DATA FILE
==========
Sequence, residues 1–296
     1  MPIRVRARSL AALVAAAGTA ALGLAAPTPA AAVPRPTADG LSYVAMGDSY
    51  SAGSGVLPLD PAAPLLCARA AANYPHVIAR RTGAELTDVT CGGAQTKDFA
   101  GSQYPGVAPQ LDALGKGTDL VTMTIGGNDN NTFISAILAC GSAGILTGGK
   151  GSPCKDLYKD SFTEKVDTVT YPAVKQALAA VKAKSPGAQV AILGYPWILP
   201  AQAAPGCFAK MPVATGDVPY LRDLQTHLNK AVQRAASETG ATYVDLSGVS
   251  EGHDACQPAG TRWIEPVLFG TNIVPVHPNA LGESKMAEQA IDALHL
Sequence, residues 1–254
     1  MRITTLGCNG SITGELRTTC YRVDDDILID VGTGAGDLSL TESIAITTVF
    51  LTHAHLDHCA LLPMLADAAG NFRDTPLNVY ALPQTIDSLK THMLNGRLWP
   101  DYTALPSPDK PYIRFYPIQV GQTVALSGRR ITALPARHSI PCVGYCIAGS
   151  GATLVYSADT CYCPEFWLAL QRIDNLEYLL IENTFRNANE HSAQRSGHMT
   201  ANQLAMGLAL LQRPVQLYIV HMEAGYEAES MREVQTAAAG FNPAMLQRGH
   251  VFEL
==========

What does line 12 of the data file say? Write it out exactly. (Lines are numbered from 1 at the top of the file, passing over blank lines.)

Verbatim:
   151  GATLVYSADT CYCPEFWLAL QRIDNLEYLL IENTFRNANE HSAQRSGHMT